"It's sad we have to get to that point," Meijer said. "But our expectation is that someone may try to kill us."

In a phone interview Friday, Rep. Jared Huffman (D-San Rafael) said he and other lawmakers had boosted security at their homes and district offices. Some colleagues, he said, had hired private security guards and temporarily moved out of their family homes.

“I don’t want to get too specific about this for security reasons, but many of us are not even in our homes right now,” he said, noting that he was speaking from an undisclosed location. “People are doing really creepy things. Finding out where lawmakers live and leaving menacing messages. Sending notes that are postmarked in an anonymous way.”

The FBI and the Capitol Police are advising lawmakers on how to protect themselves, particularly members of Congress who have long been targets of far-right and anti-government extremists. Lawmakers have also consulted with local law enforcement agencies in preparation for the possibility that violence aimed at legislators could spill over into their districts.

Huffman has closed all five of his district offices to protect his staff.

“Our offices are targets,” he said. “You take turns being the designated one to go in there and retrieve the mail and get the heck out.”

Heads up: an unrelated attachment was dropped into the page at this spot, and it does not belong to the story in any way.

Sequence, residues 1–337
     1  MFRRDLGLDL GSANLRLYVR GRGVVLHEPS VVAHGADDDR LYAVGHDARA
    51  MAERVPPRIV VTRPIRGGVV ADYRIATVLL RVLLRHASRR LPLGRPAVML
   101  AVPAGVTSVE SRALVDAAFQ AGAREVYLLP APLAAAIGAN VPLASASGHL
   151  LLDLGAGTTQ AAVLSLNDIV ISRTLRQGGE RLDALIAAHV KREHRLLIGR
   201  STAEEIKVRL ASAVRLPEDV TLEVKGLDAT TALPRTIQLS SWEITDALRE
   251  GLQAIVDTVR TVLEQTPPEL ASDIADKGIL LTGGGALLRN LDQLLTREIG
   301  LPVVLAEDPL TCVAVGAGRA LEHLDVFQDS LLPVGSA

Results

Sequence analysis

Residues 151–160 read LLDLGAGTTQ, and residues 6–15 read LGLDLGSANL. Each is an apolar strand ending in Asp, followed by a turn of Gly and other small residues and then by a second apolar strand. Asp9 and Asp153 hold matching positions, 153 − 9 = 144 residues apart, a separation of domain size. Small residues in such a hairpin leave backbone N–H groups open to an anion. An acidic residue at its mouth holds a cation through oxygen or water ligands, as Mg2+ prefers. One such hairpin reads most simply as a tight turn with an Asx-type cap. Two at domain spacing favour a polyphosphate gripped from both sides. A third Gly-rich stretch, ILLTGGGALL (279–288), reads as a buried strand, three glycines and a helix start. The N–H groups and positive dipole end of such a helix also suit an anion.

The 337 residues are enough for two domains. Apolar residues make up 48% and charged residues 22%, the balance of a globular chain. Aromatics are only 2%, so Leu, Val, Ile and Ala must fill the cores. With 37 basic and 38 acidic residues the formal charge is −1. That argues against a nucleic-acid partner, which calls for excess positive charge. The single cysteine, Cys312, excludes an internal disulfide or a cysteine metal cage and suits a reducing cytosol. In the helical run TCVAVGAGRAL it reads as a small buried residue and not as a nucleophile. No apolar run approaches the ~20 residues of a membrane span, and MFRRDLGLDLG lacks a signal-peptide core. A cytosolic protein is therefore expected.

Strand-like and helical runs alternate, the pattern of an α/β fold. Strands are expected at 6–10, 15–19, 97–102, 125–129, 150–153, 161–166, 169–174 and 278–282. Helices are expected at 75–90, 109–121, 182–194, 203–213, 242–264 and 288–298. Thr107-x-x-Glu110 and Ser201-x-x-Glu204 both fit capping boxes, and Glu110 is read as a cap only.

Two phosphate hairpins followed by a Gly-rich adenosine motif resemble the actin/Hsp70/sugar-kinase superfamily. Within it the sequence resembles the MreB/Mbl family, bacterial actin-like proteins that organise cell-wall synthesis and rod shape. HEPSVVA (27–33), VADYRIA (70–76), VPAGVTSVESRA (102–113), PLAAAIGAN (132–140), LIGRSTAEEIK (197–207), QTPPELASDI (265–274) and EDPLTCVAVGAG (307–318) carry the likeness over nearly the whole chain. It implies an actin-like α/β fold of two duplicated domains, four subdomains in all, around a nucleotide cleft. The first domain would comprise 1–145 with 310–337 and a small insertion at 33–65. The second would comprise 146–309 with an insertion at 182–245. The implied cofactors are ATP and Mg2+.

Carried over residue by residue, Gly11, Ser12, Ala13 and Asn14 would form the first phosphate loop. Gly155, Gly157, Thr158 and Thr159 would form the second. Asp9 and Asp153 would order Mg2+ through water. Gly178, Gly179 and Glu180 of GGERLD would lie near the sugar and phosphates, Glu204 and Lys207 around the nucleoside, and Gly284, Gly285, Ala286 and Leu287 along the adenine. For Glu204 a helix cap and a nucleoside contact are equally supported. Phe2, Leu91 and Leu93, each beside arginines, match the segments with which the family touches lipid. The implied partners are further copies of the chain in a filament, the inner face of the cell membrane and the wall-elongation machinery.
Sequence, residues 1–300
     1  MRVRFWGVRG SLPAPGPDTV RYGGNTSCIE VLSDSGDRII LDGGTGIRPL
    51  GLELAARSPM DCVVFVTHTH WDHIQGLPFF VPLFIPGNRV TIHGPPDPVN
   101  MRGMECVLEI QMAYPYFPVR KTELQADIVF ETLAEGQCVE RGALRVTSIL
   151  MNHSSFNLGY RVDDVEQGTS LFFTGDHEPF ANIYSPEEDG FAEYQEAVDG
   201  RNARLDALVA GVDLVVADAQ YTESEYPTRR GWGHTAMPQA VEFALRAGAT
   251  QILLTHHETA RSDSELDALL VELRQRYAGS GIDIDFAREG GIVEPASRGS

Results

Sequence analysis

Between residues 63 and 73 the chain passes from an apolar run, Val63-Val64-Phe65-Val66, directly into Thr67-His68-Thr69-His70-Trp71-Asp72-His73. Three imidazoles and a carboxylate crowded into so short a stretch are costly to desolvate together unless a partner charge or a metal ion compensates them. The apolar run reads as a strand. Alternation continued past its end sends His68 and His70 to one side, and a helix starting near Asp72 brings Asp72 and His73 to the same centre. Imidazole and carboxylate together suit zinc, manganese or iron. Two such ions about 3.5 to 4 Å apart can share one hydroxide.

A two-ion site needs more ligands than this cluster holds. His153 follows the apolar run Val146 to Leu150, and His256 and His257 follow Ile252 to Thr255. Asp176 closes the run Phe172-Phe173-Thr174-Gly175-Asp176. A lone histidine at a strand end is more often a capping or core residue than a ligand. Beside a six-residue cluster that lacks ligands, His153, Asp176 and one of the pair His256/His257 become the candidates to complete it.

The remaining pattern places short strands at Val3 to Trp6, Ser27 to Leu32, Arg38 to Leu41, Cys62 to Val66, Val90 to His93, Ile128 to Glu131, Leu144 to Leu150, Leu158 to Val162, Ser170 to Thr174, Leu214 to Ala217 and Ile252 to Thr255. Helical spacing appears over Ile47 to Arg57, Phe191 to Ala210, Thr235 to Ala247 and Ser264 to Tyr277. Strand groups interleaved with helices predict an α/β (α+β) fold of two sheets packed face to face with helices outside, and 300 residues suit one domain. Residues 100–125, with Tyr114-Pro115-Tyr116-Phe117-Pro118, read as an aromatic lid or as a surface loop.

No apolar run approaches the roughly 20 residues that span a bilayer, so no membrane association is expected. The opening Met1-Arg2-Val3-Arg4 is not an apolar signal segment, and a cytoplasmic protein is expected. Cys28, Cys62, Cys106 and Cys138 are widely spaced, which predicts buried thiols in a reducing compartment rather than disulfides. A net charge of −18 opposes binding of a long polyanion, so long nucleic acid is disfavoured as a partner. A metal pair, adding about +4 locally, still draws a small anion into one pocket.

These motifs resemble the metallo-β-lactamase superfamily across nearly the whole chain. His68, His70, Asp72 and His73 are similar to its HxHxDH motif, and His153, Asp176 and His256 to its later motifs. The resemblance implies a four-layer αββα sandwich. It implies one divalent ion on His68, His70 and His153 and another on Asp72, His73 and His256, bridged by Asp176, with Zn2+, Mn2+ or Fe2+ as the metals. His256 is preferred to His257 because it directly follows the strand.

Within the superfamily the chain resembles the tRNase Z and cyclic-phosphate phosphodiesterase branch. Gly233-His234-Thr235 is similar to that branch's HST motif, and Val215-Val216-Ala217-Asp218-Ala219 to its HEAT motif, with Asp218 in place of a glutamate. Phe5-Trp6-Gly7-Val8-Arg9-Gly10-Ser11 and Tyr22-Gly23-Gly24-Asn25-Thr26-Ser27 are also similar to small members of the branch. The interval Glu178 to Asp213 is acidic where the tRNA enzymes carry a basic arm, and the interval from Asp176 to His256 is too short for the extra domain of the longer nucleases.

House Speaker Nancy Pelosi (D-San Francisco) said in a news conference Friday that if any Congress members had helped the rioters, they should be punished. She was responding to an allegation from Rep. Mikie Sherrill (D-N.J.) that some Republican members had given “reconnaissance” tours of the Capitol to pro-Trump extremists the day before the siege.

"If in fact it is found that members of Congress were accomplices to this insurrection, if they aided and abetted the crimes, there have to be actions taken beyond the Congress, in terms of prosecution for that," Pelosi said.

Pelosi announced she had tapped Russel Honoré, a retired Army lieutenant general, to conduct a systematic review of the Capitol's security and what went wrong Jan. 6.

A career officer who retired in 2008, Honoré is known for his blunt assessments and no-nonsense style. A native of Louisiana, he took command of the military response to Hurricane Katrina in 2005 and was credited with quickly injecting urgency and levelheadedness into a foundering relief effort in New Orleans.

He has been critical of the Trump administration, including for its response to Hurricane Maria, which devastated Puerto Rico in 2017.

“The president has shown again he don't give a damn about poor people,” Honoré said on CNN at the time. "He doesn't give a damn about people of color."

Contreras reported from Washington and Winton and Branson-Potts from Los Angeles. Times staff writers Tracy Wilkinson, Anna M. Phillips, Kevin Rector, Jennifer Haberkorn and David S. Cloud in Washington and Molly O’Toole in Phoenix contributed to this report.

This story originally appeared in Los Angeles Times.